Learning Strategies Blog

How to Improve Focus

by Pete Bissonette

From a client: “My issue is focus; can you suggest anything particular to use to improve my focus while listening to the Paraliminals? Or, more generally, can you give suggestions on improving my focus while I work?”

Let’s start generally. When at your computer or desk, set a timer for 20 minutes and then when the timer goes off: pause, stretch, and get a drink of water. Move around, change your state, and then find your purpose again. If you’ve lost your focus, now is a good time to take back control. Losing focus while at a work is because we’re often sitting for too long a stretch. Especially without a real goal or purpose.

Before starting one of our programs for the first time, look at the title and ask yourself questions about what you are going to learn. Make guesses regarding what you might experience.

Predicting what you will learn helps you to pay attention. If you have already listened and are going through the session again, ask yourself “What more could I gain?” When you ask yourself these types of questions, you will gain much more because your mind is now looking for answers rather than being a passive listener.

If you have MP3 formats you can speed up the program a bit. Try playing it at 1.5 times. However, be prepared to hit pause because sometimes you do want to stop and think about what the presenter has to offer. At the same time speeding up the voice will force you to pay attention. One of the reasons we lose focus is because we are capable of processing information much faster than we do. That’s when boredom sets in and the mind wanders off.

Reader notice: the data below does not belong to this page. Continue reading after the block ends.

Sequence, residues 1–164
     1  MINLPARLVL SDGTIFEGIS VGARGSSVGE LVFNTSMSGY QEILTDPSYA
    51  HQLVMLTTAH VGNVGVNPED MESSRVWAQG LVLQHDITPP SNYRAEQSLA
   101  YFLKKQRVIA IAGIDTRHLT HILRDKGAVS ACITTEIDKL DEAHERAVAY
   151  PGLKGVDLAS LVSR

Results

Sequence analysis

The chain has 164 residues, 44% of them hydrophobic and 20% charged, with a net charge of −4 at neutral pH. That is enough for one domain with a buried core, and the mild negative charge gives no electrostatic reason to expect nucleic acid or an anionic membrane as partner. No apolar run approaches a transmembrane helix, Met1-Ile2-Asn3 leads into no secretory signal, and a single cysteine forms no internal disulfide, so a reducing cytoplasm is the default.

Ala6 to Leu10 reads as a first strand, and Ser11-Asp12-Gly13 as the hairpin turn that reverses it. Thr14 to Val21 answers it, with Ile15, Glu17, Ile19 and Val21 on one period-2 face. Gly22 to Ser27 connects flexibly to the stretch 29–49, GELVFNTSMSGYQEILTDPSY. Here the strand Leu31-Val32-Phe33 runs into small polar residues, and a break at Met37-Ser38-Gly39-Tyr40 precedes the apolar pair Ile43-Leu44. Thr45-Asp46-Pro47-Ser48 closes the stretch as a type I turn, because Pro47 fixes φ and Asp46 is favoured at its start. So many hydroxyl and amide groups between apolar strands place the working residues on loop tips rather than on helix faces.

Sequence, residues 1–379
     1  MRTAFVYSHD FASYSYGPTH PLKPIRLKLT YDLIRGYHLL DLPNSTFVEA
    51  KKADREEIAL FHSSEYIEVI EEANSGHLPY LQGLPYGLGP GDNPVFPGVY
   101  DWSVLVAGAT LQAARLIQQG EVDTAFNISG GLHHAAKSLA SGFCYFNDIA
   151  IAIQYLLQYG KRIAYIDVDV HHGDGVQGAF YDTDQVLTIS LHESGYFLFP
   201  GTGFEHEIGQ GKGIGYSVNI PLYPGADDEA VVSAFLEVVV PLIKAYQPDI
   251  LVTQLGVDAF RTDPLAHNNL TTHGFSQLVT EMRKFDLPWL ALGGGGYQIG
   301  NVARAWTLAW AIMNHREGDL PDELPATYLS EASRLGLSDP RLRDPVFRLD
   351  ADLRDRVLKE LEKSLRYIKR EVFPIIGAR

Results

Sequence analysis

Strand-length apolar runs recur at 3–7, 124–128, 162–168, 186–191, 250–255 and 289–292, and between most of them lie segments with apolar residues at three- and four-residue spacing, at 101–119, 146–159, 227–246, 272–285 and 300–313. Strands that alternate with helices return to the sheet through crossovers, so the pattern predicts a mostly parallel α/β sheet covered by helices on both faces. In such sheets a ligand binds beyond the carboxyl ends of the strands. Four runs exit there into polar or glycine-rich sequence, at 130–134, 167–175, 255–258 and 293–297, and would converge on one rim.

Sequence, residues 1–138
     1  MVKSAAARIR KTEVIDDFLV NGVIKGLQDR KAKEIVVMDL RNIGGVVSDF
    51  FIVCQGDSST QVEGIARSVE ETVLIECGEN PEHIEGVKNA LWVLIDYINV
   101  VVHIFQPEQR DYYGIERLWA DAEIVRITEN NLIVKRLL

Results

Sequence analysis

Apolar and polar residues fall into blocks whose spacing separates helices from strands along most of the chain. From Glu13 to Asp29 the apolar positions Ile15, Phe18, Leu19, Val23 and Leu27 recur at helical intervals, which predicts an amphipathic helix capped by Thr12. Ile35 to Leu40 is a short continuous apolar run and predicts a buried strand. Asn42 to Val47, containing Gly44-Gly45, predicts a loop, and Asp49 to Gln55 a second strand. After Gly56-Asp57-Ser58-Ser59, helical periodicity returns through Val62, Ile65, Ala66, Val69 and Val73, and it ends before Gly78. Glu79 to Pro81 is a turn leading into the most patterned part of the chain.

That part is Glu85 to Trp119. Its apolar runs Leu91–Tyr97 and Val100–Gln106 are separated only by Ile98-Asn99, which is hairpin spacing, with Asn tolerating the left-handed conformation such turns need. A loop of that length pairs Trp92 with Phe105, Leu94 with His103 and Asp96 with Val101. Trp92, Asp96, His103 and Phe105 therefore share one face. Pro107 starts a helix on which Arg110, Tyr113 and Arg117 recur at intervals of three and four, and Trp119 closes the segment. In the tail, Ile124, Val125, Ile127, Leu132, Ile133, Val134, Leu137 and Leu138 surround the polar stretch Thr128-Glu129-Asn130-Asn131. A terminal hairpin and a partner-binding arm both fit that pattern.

When it comes to learning, use the Personal Genius Paraliminal. It’s a great way for the student to start their day before classes. It is also applicable to any situation where you are about to learn something or need to be creative,

Then at the end of the day listen to the Memory Supercharger Paraliminal. Using the Memory Supercharger helps make information more accessible when you need it.

Also remember that repetition is good for memory and learning. The first time you go through material, you can expect to pick up about 30% of the material. Listening multiple times aids the memory and motivates you to use what you’ve learned while building on it with additional information. You can try listening to the audio sessions away from your normal place (in front of the computer, in your living room) and instead listen while watering the garden or raking the yard.

Be kind to yourself. The hippocampus works best in 20-minute bursts. A one to two minute stretch break every 20 minutes can do wonders for memory and concentration. Not to mention giving your eyes a much needed break!

There are also some wonderful techniques that aid learning and concentration taught in the Memory Optimizer course.

-Alex Viefhaus, Coach